From Project Manager to Illustrator: In conversation with Rachael Presky

Rachael Presky captures a diverse range of faces with her vibrant and kinetic illustration style. Her mission statement is to give everyone a voice, representing the underrepresented.

Why did you decide to take up your creative trade?

I was made redundant 2018 from my ‘corporate’ job as a Project Manager and took the opportunity to see if I could start illustration as a career! I had finished a part-time Masters in Graphic Design the year before but wasn’t keen on how restrictive it can be which is why illustration spoke to me and I felt I’d be able to express myself better. My previous work experiences have supported my illustration career and meant I could focus on the illustration aspect.

How do you get past creative blocks?

I think I look at creative blocks as I do the rest of my life, I take myself out of the situation and try to do something different and new! It can be a walk with my family and dogs, a visit to an art museum, or even a conversation with a creative friend. I find chatting ideas with people who are on a similar wavelength really helps.

What is your creative process?

I take a brief and come up with a couple of different ideas around that, some more rogue than others and sketch them up, before delivering them to a client. Sometimes people have a defined brief already so I can send them one sketch of the idea but other times, I’ll come up with 2-5 ideas and present them all! Then I move to colouring the one the client likes the most.

When it comes to my pieces, I’m currently working around the theme of ‘taking up space’ which I think is important for a woman, so I use sports and dance as an inspiration and fill as much of a canvas as possible. I’m trying to work on bigger and bigger pieces and I’ve just got a studio space where I can create at scale and I can’t wait to get working on them.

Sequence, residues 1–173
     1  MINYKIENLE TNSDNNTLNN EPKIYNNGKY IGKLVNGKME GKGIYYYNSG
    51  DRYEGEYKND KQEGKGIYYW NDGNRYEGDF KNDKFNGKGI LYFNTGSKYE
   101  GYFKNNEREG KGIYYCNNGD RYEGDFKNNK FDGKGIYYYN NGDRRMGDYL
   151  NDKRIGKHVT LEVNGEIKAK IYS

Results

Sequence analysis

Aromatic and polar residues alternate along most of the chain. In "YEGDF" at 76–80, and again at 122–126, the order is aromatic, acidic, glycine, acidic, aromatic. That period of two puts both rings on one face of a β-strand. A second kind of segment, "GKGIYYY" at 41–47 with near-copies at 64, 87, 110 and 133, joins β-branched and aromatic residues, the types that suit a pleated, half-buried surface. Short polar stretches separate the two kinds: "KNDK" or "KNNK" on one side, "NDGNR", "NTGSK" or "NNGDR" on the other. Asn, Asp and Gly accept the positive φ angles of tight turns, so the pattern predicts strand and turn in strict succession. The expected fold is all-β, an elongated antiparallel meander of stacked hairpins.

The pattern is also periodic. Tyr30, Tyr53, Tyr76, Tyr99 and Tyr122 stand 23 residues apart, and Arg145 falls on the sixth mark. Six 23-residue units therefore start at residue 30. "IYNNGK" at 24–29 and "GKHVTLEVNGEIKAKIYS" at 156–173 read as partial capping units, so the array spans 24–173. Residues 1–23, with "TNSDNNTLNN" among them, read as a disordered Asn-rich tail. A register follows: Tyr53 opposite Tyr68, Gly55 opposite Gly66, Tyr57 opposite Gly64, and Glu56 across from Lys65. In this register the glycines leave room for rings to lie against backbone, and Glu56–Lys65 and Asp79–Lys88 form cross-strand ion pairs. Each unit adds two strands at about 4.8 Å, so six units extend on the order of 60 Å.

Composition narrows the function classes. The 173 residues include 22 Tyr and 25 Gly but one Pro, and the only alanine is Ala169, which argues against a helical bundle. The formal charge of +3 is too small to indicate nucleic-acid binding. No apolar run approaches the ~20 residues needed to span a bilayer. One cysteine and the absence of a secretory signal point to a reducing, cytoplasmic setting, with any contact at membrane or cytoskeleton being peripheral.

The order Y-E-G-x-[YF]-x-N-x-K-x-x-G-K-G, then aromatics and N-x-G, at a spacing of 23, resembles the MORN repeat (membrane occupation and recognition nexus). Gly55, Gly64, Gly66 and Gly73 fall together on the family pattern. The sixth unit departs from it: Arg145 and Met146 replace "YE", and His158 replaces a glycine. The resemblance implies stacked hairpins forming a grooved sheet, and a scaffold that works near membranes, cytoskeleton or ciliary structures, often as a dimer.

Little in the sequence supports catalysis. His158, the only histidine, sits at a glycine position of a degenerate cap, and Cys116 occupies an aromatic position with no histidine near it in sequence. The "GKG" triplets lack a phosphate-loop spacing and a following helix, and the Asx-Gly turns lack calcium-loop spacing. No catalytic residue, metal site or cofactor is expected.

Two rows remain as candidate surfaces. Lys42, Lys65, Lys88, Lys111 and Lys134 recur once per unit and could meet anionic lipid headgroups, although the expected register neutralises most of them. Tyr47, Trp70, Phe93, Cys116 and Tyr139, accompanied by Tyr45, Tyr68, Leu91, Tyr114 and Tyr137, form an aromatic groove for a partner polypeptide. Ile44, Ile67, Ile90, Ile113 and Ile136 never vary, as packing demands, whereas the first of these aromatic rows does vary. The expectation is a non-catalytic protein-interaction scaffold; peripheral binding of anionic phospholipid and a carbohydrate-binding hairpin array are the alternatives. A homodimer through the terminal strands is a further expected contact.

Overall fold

Where do you look for inspiration?

My work is hugely inspired by women and individuals who are competing at the highest level of sport, whether that is football, skiing, snowboarding or dancing. Most of my work features people, doing the things they enjoy/we all enjoy, interacting with other people, and socialising so that’s mostly where my inspiration comes from.

I’ve also had a condition that impacts my voice since I was a child which has given me a need to give others a voice through my work. I try to include as many different people as possible, in expected and unexpected situations.

What are you reading of listening to right now?

I just finished Lessons in Chemistry and now The Secret Midwife. Love listening to Lucy Rose, particularly her new album and Jungle.

What does your typical day involve?

I’ve got small children so I send the eldest off to preschool while my husband (if he isn’t working as a cinematographer) looks after the baby so I can head to the studio.

I like working at the studio on personal work so I’ll get a couple of hours of painting done but if my husband is working, I crack on with work while the baby sleeps. It’s exhausting at the moment but it means we get lots of time as a family!

What has been your favourite project to date and why?

It’s got to be the limited edition packaging for Neutrogena, there was a mini-documentary created too which expressed exactly what I wanted to do with it so the whole video team did an incredible job. It was quite a tight turnaround and the colour palette was very limited to the existing branding which was a challenge. I think I had 2/3 other colours to play with, and skin tones were one of them but the end result still came out so lovely!

How do you switch off?

Either walk in nature or, when I can, I ski. I’ve skied regularly since I was a kid and, without fail, it resets me. I’m not sure if it’s the freedom or the exercise but it’s my favourite thing to do outside of illustration!

Who inspires you?

My family! They’re the reason I keep going!


A big thank you to Rachael Presky for contributing to our series of creative conversations with industry experts.

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